While the story hasn’t quite had a chance to flex its muscles yet, the art alone is worth the cover price.
Following in the footsteps in one of the most critically acclaimed movies of all time, Chuck Palahniuk was always going to find himself in something of an uphill battle with his eagerly anticipated Fight Club sequel.
All the familiar traits and tropes from the 1999 movie (wait, that was sixteen years ago?!) are here in this first issue, making it an engaging bout of nostalgia – if not a particularly exciting sequel. The narrator – now calling himself Sebastian – is living in domestic ‘bliss’ with Marla, suppressing his inner Durden with a cavalcade of pills. Marla isn’t happy though, and longs for the wild life that brought her into this suffocating world in the first place. We are treated to commentary on the superficial nature of the modern world, Sebastian’s fractured inner monologue, the insomnia, the self-help groups… it all just feels a little too familiar, y’know?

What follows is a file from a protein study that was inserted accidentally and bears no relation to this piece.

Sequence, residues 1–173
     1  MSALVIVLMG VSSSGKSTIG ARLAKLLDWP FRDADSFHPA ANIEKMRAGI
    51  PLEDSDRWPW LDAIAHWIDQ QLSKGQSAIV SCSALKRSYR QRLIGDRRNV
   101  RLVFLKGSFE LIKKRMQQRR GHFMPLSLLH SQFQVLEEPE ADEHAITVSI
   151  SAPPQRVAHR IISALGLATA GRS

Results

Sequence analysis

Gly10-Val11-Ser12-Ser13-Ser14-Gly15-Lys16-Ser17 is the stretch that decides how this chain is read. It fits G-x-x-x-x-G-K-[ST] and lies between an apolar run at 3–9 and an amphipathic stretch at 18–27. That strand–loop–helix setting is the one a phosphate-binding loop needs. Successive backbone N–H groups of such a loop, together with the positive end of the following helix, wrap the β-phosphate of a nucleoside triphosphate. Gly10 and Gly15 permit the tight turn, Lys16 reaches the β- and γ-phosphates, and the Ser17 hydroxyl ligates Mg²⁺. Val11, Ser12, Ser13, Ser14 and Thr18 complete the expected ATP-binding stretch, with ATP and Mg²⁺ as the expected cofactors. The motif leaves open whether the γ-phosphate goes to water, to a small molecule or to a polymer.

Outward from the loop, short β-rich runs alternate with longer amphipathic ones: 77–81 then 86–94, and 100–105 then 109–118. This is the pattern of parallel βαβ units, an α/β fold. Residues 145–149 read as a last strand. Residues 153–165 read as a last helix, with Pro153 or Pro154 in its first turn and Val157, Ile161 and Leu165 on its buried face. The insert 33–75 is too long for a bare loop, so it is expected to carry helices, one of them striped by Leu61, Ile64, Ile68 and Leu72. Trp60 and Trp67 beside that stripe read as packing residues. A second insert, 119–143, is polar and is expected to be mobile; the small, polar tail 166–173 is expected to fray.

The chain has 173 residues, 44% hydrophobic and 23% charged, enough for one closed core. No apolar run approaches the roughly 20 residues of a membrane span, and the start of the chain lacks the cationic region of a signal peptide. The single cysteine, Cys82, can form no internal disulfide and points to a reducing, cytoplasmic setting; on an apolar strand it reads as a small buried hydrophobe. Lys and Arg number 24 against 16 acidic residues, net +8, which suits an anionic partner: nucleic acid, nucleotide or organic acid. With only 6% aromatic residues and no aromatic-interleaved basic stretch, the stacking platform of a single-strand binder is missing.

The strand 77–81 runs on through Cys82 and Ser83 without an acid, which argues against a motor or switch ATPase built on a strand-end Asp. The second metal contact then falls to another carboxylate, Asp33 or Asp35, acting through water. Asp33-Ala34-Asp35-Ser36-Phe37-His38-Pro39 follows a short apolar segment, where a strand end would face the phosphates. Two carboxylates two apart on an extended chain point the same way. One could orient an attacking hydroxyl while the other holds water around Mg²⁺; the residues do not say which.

One thing that Fight Club 2 definitely has going for it however is the absolutely stellar art of Cameron Stewart, crackling with creativity as he churns out spectacular splash pages and kinetic layouts as though his very life depended on it. This is clearly Stewart’s career-best work, and it manages to inject a sense of energy and dynamism into what is otherwise a fairly flat opening issue. Brilliantly inventive tweaks like pills laying on top of the pages to obscure faces and lines of dialogue help give this book a truly unique aesthetic, serving as a showcase for Cameron’s artistic chops and boundless creativity. I am Jack’s grovelling admiration.
Overall, while it struggles slightly from ‘sequel syndrome’, this is still an encouraging enough opening chapter for this new series, and in spite of the somewhat familiar narrative from Palahniuk, Stewart’s stunning artwork manages to keep Fight Club 2’s head above water – for the time being, at least.